From Realism to Symbolism, 1860–1900
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Robert Rosenblum's essay takes a look at the shift in Russian art from visible, factual depictions to invisible expressions or feelings. Using Western European portrait, landscape, and religious paintings as a basis for comparison, Rosenblum identifies the technical skills displayed by artists such as Nikolai Ge, Vasily Vereshchagin, and Mikhail Vrubel.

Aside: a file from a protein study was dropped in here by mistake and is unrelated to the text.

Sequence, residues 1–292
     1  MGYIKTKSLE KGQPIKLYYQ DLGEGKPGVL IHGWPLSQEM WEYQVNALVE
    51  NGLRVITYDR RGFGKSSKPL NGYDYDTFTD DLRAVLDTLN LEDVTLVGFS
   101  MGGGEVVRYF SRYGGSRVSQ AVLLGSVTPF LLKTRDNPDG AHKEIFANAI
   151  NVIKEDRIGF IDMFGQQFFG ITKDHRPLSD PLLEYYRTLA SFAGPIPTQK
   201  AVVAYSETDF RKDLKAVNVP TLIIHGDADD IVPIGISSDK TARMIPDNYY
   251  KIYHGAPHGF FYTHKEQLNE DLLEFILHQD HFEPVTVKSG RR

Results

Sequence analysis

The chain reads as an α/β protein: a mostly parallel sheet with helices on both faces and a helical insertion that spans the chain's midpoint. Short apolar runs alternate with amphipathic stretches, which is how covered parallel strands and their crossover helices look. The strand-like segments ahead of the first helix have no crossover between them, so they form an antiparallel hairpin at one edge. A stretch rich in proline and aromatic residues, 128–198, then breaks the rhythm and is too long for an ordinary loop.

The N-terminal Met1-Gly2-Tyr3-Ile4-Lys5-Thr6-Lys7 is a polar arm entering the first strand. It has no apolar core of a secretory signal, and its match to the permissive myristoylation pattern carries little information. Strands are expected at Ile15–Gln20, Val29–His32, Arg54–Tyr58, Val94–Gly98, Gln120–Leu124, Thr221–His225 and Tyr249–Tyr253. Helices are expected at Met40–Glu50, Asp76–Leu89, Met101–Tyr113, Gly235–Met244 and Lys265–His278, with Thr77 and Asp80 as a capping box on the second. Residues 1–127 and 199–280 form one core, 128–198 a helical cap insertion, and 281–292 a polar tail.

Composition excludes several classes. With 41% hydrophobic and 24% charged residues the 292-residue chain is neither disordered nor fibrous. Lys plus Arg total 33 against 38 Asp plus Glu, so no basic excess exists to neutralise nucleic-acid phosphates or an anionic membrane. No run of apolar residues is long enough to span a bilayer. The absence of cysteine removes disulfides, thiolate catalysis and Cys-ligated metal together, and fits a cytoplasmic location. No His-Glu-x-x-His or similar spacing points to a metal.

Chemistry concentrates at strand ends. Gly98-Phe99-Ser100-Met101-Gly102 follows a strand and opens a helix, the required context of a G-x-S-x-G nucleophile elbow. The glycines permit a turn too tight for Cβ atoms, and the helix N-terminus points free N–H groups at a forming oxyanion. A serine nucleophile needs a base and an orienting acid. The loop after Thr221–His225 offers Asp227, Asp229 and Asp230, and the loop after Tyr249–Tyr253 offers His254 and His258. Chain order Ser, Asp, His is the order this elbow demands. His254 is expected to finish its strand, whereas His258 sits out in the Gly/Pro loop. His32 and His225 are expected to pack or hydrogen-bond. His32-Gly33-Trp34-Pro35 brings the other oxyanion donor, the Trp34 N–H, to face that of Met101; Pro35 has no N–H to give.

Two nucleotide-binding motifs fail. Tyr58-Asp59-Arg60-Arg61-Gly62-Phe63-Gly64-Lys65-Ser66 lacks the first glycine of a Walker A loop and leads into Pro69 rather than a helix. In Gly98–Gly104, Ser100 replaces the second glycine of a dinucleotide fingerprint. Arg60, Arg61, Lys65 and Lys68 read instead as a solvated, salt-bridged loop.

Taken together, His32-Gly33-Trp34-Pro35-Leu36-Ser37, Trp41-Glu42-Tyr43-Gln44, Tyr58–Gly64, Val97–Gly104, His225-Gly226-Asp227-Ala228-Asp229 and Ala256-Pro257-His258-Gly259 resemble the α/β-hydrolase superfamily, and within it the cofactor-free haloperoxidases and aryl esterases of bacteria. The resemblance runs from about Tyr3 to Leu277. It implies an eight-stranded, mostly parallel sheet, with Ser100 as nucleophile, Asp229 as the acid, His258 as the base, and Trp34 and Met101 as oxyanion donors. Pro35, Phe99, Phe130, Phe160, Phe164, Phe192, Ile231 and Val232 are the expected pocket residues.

As the nineteenth century drew to a close, strange shadows began to pervade the look and feel of art. In both Eastern and Western Europe, as well as on the other side of the Atlantic, the impulse to explore territories that had been invisible to the majority of mid-nineteenth century artists—who wanted to paint only what the eye could see—kept growing. Slowly, the visible, material world began to fade from sight in overt and covert ways. Portraits, instead of securing the sitters' places in professional or family communities, started to probe more private feelings. Landscapes, rather than recording welcoming springtime grass and trees dappled with cheerful sunlight, gravitated toward a no-man's-land, depicting mysterious, unpopulated terrains remote from both urban and rural areas. Even still lifes, whether of food or flowers, began to transcend their domestic confines and disclose unexpected mysteries. As for narrative, the facts of contemporary life, flourishing in countless genre paintings of the pleasures and tribulations of workers and families, could be replaced by efforts to see, behind closed eyes, imaginative and spiritual worlds that might re-create the supernatural events of the Bible or the long-buried past, whether of historical fact or legend. In the traditional accounts of Western art, this evolution is usually defined by two "isms," Realism and Symbolism.